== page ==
One condition of the descent of the solar fire from the spiritual sun, through the Monad or human, microcosmic sun, through the intellect and into the brain, is a complementary ascent, from the center of the planet, of the fireâ€”sometimes referred to as lunarâ€”resident there. In esoterically trained and developed individuals, this force flows up into the spinal cord, to be concentrated at a force-center at the base of the spine. When fully aroused, this fire rises in serpentine motion within the spinal cord into the middle of the head, the sanctuary or â€œEastâ€ in the temple of the body. This extremely esoteric, potent, power bestowing and â€œdangerousâ€ energy is universally symbolized by dragons and serpents in various forms in one of their hidden meanings.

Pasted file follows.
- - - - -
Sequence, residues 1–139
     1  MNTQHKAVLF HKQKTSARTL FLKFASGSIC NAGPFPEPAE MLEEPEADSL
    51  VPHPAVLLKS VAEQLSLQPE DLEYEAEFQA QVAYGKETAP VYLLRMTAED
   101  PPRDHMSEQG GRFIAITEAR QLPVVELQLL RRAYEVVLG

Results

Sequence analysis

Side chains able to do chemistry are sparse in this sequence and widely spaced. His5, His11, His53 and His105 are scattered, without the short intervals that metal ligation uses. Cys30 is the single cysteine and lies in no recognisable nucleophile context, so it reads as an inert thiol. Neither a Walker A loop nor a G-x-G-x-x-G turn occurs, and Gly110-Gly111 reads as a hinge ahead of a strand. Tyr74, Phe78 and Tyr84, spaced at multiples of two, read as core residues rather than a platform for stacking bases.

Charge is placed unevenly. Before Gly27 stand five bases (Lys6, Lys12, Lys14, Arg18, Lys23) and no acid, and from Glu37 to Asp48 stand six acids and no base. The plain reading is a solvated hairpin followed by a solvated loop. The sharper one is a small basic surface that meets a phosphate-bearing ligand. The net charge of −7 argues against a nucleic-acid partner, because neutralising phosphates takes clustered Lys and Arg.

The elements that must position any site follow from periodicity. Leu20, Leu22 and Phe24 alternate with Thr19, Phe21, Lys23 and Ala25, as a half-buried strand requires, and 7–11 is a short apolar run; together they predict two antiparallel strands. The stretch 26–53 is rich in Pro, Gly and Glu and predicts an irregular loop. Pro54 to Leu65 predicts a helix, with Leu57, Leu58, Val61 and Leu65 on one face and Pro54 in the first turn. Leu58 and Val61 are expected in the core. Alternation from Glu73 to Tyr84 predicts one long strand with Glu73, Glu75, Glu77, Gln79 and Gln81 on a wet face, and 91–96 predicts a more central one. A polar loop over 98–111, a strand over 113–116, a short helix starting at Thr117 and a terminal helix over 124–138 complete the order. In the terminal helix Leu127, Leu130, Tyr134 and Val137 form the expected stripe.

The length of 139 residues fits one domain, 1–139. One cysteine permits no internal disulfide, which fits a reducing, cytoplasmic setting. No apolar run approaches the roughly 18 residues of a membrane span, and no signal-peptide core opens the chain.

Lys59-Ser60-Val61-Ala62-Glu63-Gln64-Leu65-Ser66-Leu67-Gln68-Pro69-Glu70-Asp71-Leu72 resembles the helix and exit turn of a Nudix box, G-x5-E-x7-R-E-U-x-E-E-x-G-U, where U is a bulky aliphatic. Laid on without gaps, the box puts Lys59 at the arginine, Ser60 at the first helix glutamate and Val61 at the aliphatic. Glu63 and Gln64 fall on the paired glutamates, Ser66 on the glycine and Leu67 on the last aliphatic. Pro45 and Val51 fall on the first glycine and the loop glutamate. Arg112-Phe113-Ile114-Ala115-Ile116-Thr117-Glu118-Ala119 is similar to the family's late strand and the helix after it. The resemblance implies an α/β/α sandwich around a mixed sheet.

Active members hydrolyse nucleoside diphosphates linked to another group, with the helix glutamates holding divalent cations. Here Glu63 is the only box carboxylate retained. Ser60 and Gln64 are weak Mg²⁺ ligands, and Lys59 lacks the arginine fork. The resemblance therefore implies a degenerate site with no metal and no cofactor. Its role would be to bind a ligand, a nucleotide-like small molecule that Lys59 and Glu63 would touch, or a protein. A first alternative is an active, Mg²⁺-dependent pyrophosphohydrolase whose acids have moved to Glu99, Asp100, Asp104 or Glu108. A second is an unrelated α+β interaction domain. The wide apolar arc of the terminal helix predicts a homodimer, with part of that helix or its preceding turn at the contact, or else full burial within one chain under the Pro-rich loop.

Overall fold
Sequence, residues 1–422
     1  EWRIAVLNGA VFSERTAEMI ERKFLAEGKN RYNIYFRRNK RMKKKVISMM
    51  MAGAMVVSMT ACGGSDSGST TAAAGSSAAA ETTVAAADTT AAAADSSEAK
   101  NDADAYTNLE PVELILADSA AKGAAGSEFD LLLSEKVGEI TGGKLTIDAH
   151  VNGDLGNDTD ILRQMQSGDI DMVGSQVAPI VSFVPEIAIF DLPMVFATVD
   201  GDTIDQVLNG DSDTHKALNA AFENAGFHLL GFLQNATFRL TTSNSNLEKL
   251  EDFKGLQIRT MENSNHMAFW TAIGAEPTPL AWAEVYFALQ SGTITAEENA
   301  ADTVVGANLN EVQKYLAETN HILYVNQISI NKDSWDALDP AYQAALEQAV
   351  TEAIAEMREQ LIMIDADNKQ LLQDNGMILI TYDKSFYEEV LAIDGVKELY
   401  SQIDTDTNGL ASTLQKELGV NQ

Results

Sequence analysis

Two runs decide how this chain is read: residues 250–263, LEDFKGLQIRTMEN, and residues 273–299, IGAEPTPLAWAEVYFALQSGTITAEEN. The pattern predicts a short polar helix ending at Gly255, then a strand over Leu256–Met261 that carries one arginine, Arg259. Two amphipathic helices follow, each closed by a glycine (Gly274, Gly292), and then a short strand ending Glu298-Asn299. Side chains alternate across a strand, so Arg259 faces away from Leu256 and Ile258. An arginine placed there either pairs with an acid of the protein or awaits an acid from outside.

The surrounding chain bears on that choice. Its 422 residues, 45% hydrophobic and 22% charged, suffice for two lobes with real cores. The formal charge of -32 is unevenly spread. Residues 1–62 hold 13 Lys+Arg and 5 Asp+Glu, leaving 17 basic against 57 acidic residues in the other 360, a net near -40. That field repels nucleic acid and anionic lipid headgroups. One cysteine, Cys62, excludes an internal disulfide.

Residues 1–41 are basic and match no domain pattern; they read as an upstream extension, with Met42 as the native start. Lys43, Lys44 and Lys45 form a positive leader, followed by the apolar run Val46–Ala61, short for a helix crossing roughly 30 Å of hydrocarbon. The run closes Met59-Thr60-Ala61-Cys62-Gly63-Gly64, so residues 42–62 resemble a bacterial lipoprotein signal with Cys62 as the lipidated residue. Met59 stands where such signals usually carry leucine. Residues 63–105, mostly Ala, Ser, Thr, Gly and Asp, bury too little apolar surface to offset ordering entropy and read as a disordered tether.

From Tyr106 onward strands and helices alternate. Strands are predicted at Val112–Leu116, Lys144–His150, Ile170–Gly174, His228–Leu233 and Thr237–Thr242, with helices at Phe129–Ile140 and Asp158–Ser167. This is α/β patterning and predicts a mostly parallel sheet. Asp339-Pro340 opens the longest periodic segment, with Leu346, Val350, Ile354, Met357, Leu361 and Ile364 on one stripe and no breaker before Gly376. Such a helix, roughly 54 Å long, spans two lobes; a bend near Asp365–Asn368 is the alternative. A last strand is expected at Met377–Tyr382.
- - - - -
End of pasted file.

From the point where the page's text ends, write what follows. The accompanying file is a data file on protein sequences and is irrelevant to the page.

Egyptian religious art portrays portions of ceremonies of initiation, and in most of the sculptures, relics, murals and papyri, candidates wear a triangular apron. This symbol also has many meanings. In one it represents the protective action of the will, which prevents this power from flowing forward into and through the physical creative organs and directs it upwards along the spinal cord into the head. There it is met by and united with the descending solar fire. Such union is sometimes symbolized by marriage and even by sexual union. This flow and union of the two fires opens the doorway at the crown of the head (rolls away the stone of the sepulcher), and the consciousness of the initiate is thereafter immortal, free (resurrected) from the reparative tendency of the mind and the mortality of the body from both of which it has now arisen.